Just to add my experience, I have a 2017 with 6.5k miles. I have a voltage monitor on the battery. It has been sitting 5 days and the battery has 12.4 volts with the key off. So I will start it. I turn the key on and voltage drops to 12.1 volts - makes since with headlight. When I try to start it, the voltage drops to 11.9 volts (no lower) and the the starter starts making a clicking sounds maybe 2 times per second like the solenoid is trying to engage but cannot. I put it in gear and just shove it once so the engine breaks free. Then it starts right up and the voltage goes right to 14.1 volts and I am good for the rest of the day with no starting issues. I do not have to roll it to start it and it can be in gear with clutch in or neutral once I bump it loose - and I mean super easy bump. So if your bike acts up, do not panic and try that little trick to get you home at least.
Considering my experience and what you have all shared, I will propose a theory and maybe we can all consider if it makes any sense. Assume the starter on this bike as designed has an undersized or defective solenoid that drops out when the voltage falls below 12 volts - a starter solenoid should not drop out at near that high voltage in my opinion. Before the starter motor engages the voltage is above 12 and the solenoid engages, that pulls in the motor, but it drops below 12 when the motor pulls high amps, that draws down the voltage instantaneously, the solenoid disengages dropping out the starter motor as it should, the voltage rises above 12 under no load, and then it all repeats itself. We only hear a clicking a couple times per second as we hold the starter button.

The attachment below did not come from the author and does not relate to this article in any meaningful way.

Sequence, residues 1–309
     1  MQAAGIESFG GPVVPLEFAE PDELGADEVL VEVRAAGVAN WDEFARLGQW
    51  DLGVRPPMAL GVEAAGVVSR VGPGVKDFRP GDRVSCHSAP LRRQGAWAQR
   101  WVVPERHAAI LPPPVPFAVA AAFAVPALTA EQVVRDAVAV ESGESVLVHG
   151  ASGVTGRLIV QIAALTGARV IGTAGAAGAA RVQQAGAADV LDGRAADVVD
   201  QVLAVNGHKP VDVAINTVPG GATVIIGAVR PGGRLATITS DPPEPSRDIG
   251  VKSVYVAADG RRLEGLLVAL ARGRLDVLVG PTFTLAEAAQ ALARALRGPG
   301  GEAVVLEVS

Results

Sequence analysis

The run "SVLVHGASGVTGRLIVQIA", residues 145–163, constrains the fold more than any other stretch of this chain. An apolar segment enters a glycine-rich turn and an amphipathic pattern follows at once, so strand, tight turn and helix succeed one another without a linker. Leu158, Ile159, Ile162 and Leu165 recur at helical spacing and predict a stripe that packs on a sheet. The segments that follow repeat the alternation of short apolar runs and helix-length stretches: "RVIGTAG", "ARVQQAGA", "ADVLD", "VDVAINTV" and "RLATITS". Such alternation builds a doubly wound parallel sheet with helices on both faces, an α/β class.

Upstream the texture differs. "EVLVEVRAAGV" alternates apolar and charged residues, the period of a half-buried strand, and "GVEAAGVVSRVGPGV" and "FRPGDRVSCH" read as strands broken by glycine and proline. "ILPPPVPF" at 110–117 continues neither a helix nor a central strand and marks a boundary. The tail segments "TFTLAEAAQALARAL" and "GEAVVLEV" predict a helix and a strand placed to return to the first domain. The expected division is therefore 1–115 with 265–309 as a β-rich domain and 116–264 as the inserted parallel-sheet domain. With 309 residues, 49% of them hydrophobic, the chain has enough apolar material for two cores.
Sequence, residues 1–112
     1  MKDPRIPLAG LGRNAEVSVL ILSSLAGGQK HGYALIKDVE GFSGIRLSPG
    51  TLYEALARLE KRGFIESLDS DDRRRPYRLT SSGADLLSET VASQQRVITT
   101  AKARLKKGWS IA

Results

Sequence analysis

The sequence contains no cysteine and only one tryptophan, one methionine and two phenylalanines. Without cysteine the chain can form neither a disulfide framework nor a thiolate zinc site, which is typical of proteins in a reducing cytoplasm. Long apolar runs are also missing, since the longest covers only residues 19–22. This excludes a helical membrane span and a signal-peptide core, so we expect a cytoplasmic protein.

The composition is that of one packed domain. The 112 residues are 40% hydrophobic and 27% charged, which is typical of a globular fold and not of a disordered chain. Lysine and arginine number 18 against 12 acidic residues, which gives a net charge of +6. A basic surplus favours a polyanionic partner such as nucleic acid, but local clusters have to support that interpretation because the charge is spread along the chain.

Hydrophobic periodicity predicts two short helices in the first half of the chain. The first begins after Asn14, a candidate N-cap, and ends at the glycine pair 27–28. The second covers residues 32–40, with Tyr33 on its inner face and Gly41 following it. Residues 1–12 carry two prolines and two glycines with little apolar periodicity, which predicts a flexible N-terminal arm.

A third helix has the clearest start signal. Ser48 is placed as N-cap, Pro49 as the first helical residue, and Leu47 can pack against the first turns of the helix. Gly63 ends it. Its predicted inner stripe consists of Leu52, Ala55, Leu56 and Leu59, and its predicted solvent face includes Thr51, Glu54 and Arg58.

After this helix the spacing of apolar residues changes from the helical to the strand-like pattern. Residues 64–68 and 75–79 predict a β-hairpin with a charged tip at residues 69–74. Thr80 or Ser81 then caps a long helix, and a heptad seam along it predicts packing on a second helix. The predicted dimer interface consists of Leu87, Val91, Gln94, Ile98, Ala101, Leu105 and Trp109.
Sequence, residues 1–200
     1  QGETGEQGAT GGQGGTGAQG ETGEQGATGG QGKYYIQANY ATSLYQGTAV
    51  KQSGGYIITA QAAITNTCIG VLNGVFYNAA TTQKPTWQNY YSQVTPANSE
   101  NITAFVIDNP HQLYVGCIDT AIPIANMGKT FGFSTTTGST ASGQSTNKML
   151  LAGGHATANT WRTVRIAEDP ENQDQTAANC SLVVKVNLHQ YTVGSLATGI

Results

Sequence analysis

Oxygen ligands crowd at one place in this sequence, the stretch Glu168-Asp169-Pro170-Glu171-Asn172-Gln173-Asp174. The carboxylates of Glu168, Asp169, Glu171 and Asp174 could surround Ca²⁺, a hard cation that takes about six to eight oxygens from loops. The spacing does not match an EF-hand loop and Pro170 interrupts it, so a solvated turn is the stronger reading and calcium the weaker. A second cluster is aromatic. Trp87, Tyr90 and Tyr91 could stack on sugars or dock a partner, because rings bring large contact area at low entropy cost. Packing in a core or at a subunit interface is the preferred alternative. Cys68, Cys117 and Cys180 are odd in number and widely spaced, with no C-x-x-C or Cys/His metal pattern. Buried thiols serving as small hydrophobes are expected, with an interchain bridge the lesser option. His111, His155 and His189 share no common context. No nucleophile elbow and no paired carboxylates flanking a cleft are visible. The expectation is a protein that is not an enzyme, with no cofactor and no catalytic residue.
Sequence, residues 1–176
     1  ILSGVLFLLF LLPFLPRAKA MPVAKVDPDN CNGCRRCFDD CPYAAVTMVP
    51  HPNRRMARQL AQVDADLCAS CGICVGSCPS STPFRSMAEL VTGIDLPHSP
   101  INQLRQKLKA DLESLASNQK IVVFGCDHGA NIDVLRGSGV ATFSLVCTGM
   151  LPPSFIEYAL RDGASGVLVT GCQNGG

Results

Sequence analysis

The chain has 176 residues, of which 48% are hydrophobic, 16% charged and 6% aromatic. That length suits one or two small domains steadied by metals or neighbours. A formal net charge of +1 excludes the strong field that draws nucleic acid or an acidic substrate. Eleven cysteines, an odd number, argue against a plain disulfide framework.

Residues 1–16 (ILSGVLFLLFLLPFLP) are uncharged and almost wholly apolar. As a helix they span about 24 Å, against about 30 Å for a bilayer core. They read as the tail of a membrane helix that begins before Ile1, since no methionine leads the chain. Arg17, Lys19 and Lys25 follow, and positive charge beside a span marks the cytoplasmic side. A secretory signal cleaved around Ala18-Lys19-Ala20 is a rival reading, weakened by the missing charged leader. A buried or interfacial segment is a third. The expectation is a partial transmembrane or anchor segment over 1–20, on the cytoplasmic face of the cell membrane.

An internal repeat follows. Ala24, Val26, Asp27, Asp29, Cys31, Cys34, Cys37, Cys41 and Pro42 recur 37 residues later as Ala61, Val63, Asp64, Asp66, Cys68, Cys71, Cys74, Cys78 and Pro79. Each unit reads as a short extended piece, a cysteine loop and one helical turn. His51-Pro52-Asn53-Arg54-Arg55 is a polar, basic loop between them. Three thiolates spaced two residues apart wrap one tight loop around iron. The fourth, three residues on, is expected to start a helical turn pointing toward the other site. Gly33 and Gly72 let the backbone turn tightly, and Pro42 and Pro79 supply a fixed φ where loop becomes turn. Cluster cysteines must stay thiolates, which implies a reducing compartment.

A fresh battery could maintain a voltage over 12 volts even with the starter motor pulling, but a 2 year old plus battery is not likely to be able to do that even though it is still plenty strong enough to drive the starter - and should be good.
I propose there is a flaw in the starter solenoid design. You can overcome it with a new battery every couple years, but a battery should be able to last as long as it can hold the voltage above 10 amps under starter load and that might be 5-10 years if you maintain your battery. If that makes sense, and if many of you agree, maybe we can ask Kawasaki to make it right.
Please share your experience; buying a $50 dollar battery every two years is not a big deal. What is important is to understand the issue so we can manage it so it is only $50 every two years rather than several hundred dollars to the shop or worse a stranded bike.